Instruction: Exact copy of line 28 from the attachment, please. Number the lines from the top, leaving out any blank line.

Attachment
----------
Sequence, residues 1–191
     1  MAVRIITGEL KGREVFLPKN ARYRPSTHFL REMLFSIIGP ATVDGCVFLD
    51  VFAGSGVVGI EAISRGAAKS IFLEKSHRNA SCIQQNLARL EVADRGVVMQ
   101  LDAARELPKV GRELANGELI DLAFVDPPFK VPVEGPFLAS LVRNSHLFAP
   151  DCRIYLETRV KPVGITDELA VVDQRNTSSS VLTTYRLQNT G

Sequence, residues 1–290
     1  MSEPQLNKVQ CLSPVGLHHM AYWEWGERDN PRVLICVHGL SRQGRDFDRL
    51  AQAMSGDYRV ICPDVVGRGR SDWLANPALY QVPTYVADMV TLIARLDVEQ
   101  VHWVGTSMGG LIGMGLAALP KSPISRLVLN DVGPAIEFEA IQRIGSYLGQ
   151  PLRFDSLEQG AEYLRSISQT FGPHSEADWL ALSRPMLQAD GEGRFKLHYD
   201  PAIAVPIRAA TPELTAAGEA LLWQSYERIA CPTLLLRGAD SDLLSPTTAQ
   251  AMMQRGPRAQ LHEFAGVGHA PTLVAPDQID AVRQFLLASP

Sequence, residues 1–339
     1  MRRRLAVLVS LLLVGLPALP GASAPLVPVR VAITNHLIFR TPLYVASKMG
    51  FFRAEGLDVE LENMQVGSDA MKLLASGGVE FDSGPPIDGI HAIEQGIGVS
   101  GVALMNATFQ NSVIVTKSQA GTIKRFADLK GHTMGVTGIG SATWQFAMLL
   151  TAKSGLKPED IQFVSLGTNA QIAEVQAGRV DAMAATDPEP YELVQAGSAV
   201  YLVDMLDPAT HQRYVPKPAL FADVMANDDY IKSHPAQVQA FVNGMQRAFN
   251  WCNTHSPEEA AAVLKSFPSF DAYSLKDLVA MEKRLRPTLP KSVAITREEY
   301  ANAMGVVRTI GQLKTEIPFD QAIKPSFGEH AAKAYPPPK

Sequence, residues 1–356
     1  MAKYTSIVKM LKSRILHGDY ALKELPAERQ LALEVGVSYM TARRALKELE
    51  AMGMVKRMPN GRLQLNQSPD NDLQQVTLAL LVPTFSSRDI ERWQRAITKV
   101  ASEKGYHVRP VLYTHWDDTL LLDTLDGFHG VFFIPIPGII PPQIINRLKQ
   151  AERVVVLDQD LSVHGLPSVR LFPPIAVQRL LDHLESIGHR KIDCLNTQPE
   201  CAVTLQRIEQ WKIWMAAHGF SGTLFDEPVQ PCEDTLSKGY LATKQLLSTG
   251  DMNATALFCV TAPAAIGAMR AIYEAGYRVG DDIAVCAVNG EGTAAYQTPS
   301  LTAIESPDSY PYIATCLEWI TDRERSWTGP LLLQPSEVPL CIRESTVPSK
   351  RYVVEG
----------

   301  LTAIESPDSY PYIATCLEWI TDRERSWTGP LLLQPSEVPL CIRESTVPSK